This makes it easy to find the shows you want. One neat twist is you can use your mobile phone to cue big screen content. It’s a form of on-demand programming. Armed with the reverse programme guide, you can search back through the last week or so to find shows that you may have missed. The actual timespan wasn’t discussed.

Vodafone TV uses the company’s proprietary intellectual property. The company has a similar product in parts of Europe. Stanners says there has been a huge amount of local input into the service on sale here. Not least, is the work clearing the rights with content owners to build the reverse electronic programme guide.

Vodafone TV: made for Sky merger

The TV-as-a-service product was already in the pipeline when Vodafone planned to merge with Sky. It shows what Vodafone was able to bring to the party. Sky, meanwhile, owns the bulk of content. It will all be there on Vodafone TV, but it’s isn’t an exclusive relationship. The device is able to run apps and from day one there will be Netflix, YouTube and content from Mediaworks. TVNZ will join them soon after.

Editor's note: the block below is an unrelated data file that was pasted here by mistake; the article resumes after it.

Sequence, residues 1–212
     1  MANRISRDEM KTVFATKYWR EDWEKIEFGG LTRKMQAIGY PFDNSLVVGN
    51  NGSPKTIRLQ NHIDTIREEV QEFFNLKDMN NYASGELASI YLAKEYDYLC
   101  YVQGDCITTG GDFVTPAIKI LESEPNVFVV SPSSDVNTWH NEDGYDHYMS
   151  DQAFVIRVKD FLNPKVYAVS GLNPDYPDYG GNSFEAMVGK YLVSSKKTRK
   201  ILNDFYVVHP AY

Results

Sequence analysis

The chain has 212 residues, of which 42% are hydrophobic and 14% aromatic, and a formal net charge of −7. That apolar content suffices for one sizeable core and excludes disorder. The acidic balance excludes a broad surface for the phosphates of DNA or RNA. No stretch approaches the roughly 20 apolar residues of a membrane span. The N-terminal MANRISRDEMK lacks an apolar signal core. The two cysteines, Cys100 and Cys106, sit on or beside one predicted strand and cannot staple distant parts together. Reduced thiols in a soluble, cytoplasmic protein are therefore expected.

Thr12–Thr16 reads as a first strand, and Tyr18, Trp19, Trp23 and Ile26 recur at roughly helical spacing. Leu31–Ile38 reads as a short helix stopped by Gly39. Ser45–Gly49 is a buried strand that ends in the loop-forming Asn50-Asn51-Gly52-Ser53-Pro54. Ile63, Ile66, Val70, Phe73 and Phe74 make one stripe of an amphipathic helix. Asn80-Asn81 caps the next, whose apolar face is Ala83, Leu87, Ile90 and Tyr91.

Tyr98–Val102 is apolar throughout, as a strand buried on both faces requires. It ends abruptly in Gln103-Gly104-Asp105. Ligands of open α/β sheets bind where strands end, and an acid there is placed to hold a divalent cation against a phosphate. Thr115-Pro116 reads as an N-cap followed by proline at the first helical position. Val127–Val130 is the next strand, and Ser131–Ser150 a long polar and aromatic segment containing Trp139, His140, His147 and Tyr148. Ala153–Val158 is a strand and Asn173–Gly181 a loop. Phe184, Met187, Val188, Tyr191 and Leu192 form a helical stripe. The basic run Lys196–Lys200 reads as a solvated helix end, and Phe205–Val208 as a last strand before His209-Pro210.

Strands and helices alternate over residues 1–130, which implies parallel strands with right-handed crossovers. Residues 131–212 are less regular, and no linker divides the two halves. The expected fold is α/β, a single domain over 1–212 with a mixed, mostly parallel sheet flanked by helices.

Vodafone was coy about the precise launch date and the cost. Stanners says it will be soon. There was a whisper at the event that soon means the next week or two. We could have the new Vodafone TV before we have a government.

He wouldn’t talk prices, but Stanners says they will be competitive. Again, the word around the event is that it won’t be expensive. There will be add-ons, some premium content and extras like Netflix subscriptions. At this stage customers will have to buy Netflix themselves, but Vodafone may yet offer it.

Party-on dudes

It doesn’t stop there. Stanners says one advantage of Vodafone’s approach is it makes distribution easy for smaller content providers. He says that means we could see the emergence of Wayne’s World-like niche channels.